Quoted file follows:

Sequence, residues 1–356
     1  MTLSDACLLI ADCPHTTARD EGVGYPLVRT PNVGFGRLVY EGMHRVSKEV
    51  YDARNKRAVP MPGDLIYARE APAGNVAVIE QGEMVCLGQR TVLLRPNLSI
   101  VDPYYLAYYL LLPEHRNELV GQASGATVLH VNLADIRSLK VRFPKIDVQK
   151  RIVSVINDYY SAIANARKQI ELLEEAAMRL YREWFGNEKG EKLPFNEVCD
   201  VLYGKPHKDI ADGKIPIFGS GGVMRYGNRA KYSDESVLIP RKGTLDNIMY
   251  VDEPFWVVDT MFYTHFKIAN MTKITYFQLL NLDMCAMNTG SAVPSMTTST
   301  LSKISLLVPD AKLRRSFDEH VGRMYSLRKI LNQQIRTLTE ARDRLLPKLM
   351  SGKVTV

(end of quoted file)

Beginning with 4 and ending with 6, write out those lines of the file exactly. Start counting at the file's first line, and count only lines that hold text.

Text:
   101  VDPYYLAYYL LLPEHRNELV GQASGATVLH VNLADIRSLK VRFPKIDVQK
   151  RIVSVINDYY SAIANARKQI ELLEEAAMRL YREWFGNEKG EKLPFNEVCD
   201  VLYGKPHKDI ADGKIPIFGS GGVMRYGNRA KYSDESVLIP RKGTLDNIMY